Saskatoon construction season going ahead despite coronavirus pandemic

Despite the novel coronavirus pandemic, the City of Saskatoon has plans to move ahead with the majority of its construction projects. Slavo Kutas / Global News

Saskatoon city streets, bridges and sidewalks will see more than $61 million of work during construction season even with the ongoing coronavirus pandemic.

The majority of the city’s projects in the capital construction program will go ahead, including more than 4.6 kilometres of new water main installations.

Water main replacements are slated for 8th Street under the eastbound lanes between Sommerfeld and Arlington avenues, along with sections of Clarence Avenue between College Drive and 8th Street.

A new primary water main will be installed beneath Garvie Road to service the Evergreen and Aspen Ridge neighbourhoods.

COVID-19 is not expect to affect the duration of construction projects, according to Terry Schmidt, the city’s transportation and construction general manager.

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“We have just not seen any reduction in productivity,” Schmidt told reporter during a virtual news conference.

Click to play video: 'Saskatoon nurse shows how to properly put on, take off mask'
Saskatoon nurse shows how to properly put on, take off mask

Along with regular pothole patching, line painting and street sweeping, the city has planned 185 lane kilometres of road construction.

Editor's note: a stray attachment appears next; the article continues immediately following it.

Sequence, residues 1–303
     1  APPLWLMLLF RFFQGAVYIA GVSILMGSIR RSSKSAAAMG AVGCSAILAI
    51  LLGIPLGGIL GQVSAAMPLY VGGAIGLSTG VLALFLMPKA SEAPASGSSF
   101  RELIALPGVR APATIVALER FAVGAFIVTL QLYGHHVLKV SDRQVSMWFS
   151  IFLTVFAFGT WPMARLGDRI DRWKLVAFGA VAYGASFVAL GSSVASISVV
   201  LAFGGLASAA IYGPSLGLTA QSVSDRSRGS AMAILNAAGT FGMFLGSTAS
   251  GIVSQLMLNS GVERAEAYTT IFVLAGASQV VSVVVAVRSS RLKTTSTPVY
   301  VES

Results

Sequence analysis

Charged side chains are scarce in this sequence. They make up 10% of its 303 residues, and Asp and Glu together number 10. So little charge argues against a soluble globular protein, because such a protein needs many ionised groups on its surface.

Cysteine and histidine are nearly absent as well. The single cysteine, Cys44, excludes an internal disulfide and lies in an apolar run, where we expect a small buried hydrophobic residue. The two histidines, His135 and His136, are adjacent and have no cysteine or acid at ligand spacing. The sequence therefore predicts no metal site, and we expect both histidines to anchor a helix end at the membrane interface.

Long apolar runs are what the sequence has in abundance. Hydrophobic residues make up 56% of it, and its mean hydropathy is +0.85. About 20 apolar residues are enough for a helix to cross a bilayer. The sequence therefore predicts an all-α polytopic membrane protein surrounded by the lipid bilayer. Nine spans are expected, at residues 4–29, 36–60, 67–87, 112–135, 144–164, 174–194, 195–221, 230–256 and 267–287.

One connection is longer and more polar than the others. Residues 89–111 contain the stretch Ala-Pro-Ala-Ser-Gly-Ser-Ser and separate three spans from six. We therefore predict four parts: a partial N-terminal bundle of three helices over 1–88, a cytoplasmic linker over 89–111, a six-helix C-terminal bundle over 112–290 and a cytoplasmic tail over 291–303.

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Resurfacing is planned in the following areas:

  • College Drive/Highway 5 westbound from Highway 41 to the CP Rail overpass;
  • Taylor Street from Heritage Crescent to McKercher Drive;
  • Boychuk Drive north bound from Briarwood Road to 8th Street;
  • Central Avenue from College Drive to 107th Street; and
  • Circle Drive from College Drive overpass to 14th Street.
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More projects could be added to the city’s list, as staff expected to receive $32 million to $34 million through the Saskatchewan government’s stimulus package.

“We continue in discussions with the provincial government to find out exactly what the criteria is for the program and the level of funding,” Schmidt said.

The final phase of the Sid Buckwold Bridge rehabilitation project resumed in March and is slated for completion this fall.

Questions about COVID-19? Here are some things you need to know:

Health officials caution against all international travel. Returning travellers are legally obligated to self-isolate for 14 days, beginning March 26, in case they develop symptoms and to prevent spreading the virus to others. Some provinces and territories have also implemented additional recommendations or enforcement measures to ensure those returning to the area self-isolate.

Symptoms can include fever, cough and difficulty breathing — very similar to a cold or flu. Some people can develop a more severe illness. People most at risk of this include older adults and people with severe chronic medical conditions like heart, lung or kidney disease. If you develop symptoms, contact public health authorities.

To prevent the virus from spreading, experts recommend frequent handwashing and coughing into your sleeve. They also recommend minimizing contact with others, staying home as much as possible and maintaining a distance of two metres from other people if you go out.

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